There are the main stages that the candidates or parties will have to go
through when wanting to be elected. For the local election some stages will be
different to the general election as it isn’t as popular.
In the local election candidates will firstly have to sign the application form to
see if they are eligible to be elected in their local area. After completing the
first stage the candidate will go through a stage of standing as a independent
candidate. Then following this stage it’ll be standing as a party. This will include
spending and requesting donations. After these couple stages are completed
it’ll be the campaign itself to get the public on their side. The candidates will
then have to attend key electoral events such as speeches or advertising. The
final stage after theses is the declaration of the results to see who has actually
won.
As the general election is bigger than the local election there will be a couple
more stages but are quite similar to each other. Every election starts off with
candidates filling in the forms to become eligible to apply. All candidates will
have to stand as an independent candidate; this will involve the nomination
form and consent to be in the nomination. After this is achieved he party will
have to stand. This includes the ballot papers and a written report. After a
while this stage will be completed and will more on to the next one which is
spending and donations. This is a regulated period, which can either be a long
or short campaign as their will be public meetings and volunteer times. After
all the meetings etc. there will be the official campaign that will be held. Each
candidate will have to go to key electoral events to do speeches and more.
After everything the final declaration of the results will be given out.
Reference
https://www.gov.uk/
https://en.wikipedia.org/wiki/General_election
https://en.wikipedia.org/wiki/Local_election
TASK FOUR – M2
Local and General elections are too elections that are used to get a final result of getting a
candidate voted to become an MP or local council head etc.
General Election Local Election What’s the
difference??
Who can stand for
election?
 Any party  Any party
 Specific
qualifications
In the general
election any party
is eligible to stand
for election along
with the local
election being the
same but
candidates must
have certain
qualifications to be
able to stand as
well.
Candidate
selection process
 Voted
 Valid candidate (
high status)
 Not allowed to
be in any public
services
 Over 18 years
old
 Voted
 Have to be over
18 years old
In the candidate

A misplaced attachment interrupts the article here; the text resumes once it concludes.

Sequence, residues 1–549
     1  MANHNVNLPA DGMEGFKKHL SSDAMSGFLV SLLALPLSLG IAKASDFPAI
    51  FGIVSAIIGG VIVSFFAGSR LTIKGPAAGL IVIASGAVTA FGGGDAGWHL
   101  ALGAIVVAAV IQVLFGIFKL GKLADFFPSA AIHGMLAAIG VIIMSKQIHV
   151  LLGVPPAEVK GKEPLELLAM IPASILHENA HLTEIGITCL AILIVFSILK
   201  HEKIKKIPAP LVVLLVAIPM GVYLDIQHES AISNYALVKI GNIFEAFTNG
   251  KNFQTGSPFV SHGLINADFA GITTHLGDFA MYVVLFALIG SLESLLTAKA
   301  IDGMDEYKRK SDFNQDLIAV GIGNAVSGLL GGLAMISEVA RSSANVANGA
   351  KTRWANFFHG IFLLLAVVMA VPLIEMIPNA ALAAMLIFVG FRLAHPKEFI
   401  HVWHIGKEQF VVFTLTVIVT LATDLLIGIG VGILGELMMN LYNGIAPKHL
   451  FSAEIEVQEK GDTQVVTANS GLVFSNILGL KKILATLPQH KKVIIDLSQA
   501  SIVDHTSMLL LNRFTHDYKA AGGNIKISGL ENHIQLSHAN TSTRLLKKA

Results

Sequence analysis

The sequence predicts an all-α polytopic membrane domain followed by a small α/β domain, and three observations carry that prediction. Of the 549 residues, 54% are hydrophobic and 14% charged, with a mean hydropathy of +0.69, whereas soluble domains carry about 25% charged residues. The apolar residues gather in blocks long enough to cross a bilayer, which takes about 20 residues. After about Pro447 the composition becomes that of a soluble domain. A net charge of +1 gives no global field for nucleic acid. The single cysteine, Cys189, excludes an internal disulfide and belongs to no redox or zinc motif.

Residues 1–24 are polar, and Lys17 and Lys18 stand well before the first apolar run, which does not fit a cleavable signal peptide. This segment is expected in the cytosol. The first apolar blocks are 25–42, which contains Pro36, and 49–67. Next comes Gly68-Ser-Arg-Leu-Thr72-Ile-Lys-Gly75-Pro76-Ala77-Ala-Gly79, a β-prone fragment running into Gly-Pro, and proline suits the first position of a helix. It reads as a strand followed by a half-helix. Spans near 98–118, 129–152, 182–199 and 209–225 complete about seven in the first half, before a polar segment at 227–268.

selection process
they are quite
similar in places as
they both have to
be voted in and be
over 18 years old.
The only
difference
between these
two election
processes is that if
a candidate in
general they must
be a valid
candidate which is
high up and cannot
be in any of the
public services.
The influence of
the party system
on elections
 Newspaper
(sun)
 Posters to
advertise people
 Biased (media)
 Own opinion
 Not bias
 Word of mouth
When the different
parties want to
influence the
public t vote for
them they’ll use
many different
ways. In the
general election as
It is higher up than
local election there
will be more
advertising on
media and posters
around town. The
general adverts
will be biased to
draw the public in.
The difference
with a local
election is, it’s
their own opinion
and their own
words out of their
mouths which
won’t be biased
like the general
election.
Representatives  Theresa May
 Philip Hammond
 Alan Duncan As the general
election is a much
higher status then
the local elections
there will be
bigger names
wanting to get
voted. Theresa
May and Philip
Hammond are very
high in the
government and
have a high status.
With local
elections the
candidates who
are trying to get
elected don’t
really get heard
about as their
status isn’t very
high as local
elections aren’t
really spoke about
compared to the
general elections.
Period of election  Every 5 years
 First Thursday in
 Every 4 years
 1/3 of election
All elections will
have a period of
May members their election. The
local elections are
shorter than
general elections
by 1 years as the
period of the local
elections are only
4 years but with
the general
election it is every
5 years on the first
Thursday in May.
Also with the local
elections 1/3 of
the election
members must
take part.
Publicity and
electioneering
activities
undertaken
 Adverts on TV
 Internet Ads
 Not much on
TV
 Social media
groups in local
areas
 Small
During the election
process parties or
candidates need to
advertise
themselves to get
more voters on
their side. In the
general election
they will use the
TV to advertise
who they are and
why you should
vote for them
along with putting
internet adverts.
With the local
election they
won’t anything like
the general
election do but
they advertise
themselves by
doing social media
groups with the
public in their local
areas along with
putting out small
posters on notice
boards around
villages etc. The
local elections
don’t use TV or the
internet as they
aren’t as
important as the
general elections.
The voting process  Electronic
 Polling station
 Poster
 Polling stations Throughout the
voting process
there will be
different ways to
vote for your
candidate you
want. In the
general election
there will be
websites to allow
people to vote
online with their
phones etc.
Another way
people can vote in
the general
election is polling
stations and
posters which are
available for the
public. In the local
election there will
only be a polling
station in the
village hall in the
local area. The
local election
doesn’t have the
internet to allow
people to vote.
Election day
activities
 TV news
 On going
 Live updates
 Getting counted
all the time
 Polling station
 Closes after a
certain time
 Counted up at
the end.
When the election
day comes round
there will be
many different
activities going on
with the general
election. The
media will be
putting out live
updates every
second about who
is getting the
most votes etc.
Also the TV news
will be on going
talking about
votes as they will
be counted all the